Wednesday, January 04, 2012

Spite & Malice

I grew up playing Spite and Malice with my Grandma Corky and my family, but it was Grandma that taught me how to play. Recently there was a "rule" question when we were playing with my folks. I googled Spite and Malice and found it is also known as Cat and Mouse, but the "rules" that I found online were not the same that we played with Grandma. I decided to write her version down, because I like it best and it is a very fun family game.
This game can be played with 2 or more just need a deck of standard playing cards (with jokers) for each player. The game we played had four players, so we had 4 decks.
Shuffle the cards, then have the person to the right of the dealer cut the deck.
Start with the person to the left of the dealer...they pick up a stack of cards that they estimate is 27 cards. If the players pick up more or less that's okay...
just make sure there is 27 cards in your "squeak" pile. I always wondered why Grandma called it a "squeak" pile, but it must be what they call it in the "Cat and Mouse" version. All the cards in your "squeak pile" are to remain face down and the players are not to look at them. Turn over the top card on your squeak pile.
Stella loves it when we play card games :)
Picture below shows the "draw pile" in the center and everyone's "squeak pile" with the top card face up.
Dealer then deals each player 5 cards for their hand. Only the player sees the 5 cards in their hand.
Person to the left of the dealer plays first.
The object of the game is to be the first person to get rid of all the cards in your squeak pile. To do this all the players contribute to 1 to 4 piles around the draw pile. These piles all start with an Ace and go in order up to King...then the pile is set aside. The finished piles are shuffled and used to replenish the draw pile.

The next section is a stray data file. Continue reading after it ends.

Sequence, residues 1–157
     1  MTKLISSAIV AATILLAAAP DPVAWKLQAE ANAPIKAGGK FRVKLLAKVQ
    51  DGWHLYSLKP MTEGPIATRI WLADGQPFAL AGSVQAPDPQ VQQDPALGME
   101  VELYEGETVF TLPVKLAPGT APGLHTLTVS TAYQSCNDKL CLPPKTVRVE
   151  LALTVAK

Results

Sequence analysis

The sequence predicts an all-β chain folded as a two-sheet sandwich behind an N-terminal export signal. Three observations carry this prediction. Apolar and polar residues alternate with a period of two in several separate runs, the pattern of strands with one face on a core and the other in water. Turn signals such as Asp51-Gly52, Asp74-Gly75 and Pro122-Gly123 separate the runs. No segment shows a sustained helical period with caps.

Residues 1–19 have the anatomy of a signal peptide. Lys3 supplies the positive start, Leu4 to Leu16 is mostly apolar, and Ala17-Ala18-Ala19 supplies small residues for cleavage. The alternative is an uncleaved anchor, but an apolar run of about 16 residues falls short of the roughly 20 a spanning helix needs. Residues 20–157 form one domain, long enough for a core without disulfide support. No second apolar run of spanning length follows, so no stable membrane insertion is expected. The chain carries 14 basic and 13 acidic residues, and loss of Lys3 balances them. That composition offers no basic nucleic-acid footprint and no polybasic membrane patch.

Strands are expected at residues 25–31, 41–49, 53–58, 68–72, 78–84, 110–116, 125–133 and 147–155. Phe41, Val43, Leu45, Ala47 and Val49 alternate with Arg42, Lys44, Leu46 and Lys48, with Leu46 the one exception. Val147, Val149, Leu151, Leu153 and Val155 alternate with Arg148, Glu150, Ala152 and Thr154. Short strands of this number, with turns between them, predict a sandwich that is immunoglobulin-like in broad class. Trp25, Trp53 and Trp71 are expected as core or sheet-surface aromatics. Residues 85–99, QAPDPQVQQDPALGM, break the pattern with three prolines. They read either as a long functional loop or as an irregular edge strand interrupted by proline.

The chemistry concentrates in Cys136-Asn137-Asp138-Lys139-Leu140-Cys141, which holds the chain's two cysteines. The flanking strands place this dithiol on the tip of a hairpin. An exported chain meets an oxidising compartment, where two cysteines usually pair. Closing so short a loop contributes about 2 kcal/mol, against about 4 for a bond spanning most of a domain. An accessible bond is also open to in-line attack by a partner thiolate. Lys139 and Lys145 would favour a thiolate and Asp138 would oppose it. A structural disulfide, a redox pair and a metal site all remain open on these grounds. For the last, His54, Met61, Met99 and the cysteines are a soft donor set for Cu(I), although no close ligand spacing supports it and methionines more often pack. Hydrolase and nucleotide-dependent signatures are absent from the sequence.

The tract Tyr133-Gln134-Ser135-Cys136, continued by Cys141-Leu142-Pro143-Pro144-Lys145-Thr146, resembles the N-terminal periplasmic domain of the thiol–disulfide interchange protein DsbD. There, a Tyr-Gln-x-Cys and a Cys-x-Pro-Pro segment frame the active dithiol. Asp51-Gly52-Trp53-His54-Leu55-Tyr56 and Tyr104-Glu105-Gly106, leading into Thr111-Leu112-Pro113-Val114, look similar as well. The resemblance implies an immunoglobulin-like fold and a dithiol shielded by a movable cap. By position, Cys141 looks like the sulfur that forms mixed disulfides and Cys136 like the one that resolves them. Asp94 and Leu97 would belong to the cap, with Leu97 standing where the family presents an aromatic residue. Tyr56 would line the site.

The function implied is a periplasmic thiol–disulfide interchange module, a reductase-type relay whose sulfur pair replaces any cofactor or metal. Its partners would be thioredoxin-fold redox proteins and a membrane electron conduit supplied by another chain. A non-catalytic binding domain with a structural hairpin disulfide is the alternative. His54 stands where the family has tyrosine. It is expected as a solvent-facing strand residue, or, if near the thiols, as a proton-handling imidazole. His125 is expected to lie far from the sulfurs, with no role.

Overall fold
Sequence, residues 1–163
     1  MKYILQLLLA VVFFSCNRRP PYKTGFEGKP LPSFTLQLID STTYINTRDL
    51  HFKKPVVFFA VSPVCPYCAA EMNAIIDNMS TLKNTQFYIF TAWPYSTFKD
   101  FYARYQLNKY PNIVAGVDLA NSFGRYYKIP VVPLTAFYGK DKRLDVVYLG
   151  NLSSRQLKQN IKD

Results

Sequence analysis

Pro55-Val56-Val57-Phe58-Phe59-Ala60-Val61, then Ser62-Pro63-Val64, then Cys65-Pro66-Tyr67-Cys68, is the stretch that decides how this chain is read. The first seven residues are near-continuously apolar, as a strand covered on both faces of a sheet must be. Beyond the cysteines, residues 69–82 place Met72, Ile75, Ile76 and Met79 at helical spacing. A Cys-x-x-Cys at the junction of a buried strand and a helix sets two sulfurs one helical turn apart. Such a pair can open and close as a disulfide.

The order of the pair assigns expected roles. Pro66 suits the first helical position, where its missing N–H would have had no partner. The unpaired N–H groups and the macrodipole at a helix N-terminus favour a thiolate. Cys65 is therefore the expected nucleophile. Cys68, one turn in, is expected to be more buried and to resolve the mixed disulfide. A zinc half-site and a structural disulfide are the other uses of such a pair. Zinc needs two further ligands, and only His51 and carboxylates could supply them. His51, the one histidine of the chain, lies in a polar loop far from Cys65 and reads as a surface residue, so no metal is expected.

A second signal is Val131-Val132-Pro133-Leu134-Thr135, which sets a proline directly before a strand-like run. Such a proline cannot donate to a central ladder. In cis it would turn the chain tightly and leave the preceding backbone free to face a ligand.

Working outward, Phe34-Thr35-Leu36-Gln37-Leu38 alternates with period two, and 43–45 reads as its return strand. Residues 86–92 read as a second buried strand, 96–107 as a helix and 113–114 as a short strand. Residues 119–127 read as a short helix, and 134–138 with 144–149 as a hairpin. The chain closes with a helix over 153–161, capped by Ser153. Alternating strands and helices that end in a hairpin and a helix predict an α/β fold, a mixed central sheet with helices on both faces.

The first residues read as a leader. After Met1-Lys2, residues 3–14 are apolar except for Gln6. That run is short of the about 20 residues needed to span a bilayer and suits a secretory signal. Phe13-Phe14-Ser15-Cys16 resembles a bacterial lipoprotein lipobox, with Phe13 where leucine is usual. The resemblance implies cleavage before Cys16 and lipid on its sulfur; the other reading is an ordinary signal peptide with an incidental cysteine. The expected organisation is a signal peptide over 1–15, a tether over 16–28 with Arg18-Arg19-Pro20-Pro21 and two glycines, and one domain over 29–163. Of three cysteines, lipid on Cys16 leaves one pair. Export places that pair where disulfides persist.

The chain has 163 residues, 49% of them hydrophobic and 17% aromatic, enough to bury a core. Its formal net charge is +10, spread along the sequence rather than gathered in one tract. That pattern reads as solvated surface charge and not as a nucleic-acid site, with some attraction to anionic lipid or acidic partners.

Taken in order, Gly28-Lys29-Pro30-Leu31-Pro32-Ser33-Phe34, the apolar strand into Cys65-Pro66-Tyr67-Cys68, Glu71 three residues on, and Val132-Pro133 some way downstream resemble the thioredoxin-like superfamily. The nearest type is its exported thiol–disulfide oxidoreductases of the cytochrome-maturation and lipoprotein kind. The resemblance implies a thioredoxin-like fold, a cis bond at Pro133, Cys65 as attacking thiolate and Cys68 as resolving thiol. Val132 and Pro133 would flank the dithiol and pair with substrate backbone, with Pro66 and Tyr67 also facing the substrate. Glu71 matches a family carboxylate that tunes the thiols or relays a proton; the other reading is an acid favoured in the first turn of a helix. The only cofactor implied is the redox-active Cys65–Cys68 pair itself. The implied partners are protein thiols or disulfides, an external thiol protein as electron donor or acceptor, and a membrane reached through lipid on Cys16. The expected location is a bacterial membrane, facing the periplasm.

All players MUST play any Aces or Deuces (2's) that they have in their hand if they can (i.e. if there is an open space around the draw pile, etc...) In the picture below Reeve did not have any Aces, so he had to lay down one card in his discard pile. There can be up to four cards in your discard pile. At the end of each player's turn they must discard one card into their discard pile. The cards in the discard pile may be used during the player's turn, but only the TOP card in each of the discard piles can be played.

Above: Reeve discarded a King...a wise move because then this discard pile can then either be a collection of Kings or he can then lay down a lower card.
Below: Kyle's turn...He had an Ace in his hand. There were four open play piles around the draw pile, so he HAD to play his Ace. He has a 3 on his squeak pile, so he chose to discard a 3. He did not have a deuce, if he had he would have played it and then played the 3 from his squeak pile. Once you play a card from  your squeak pile you immediately turn the next card over. Play it if you can. You can play as many cards from your squeak pile as you can. Jokers are WILD, so if Kyle had a joker he could have used it as a deuce and then played his 3 from his squeak pile. If a player is able to play all 5 cards in their hand before they discard, then they can pick up 5 more cards from the draw pile. Player's turn ends when they discard one card onto their discard pile.
Players 3 and 4 can't play so they each put a card in their discard pile. Reeve's turn again. At the start of each player's turn they draw from the draw pile until they have 5 cards in their hand. Reeve picks up and plays a deuce and then he is able to play the top card (a 3 like Kyle's...which was just pure coincidence that they both had a 3 as the first top card).
In the picture below you can see in the upper left Reeve's 2 discard piles (he can have up to 4) and his squeak pile which looks like it has a 10 on top. Then in the upper right you can see that Kyle still has a 3 on his squeak pile and he has 3 discard piles started. I should mention that each player's discard piles are not community piles, but the four play piles around the draw pile are community piles (everyone uses and plays on the play piles).
In the pic below there are 3 play piles started.
In the lower left corner you can see that I have a King on my squeak pile and I have started 3 discard piles. My first discard pile has 2 kings, my 2nd has 2 queen's, and my 3rd has an 8. Now I can discard ANY card that I want to on my discard piles. I can only have 4 discard piles AND if I want to use cards from my discard piles I can only use the top cards. For example if there was a Jack on one of the play piles and it was my turn I could only play the queen from my discard pile ONLY if it was the top card.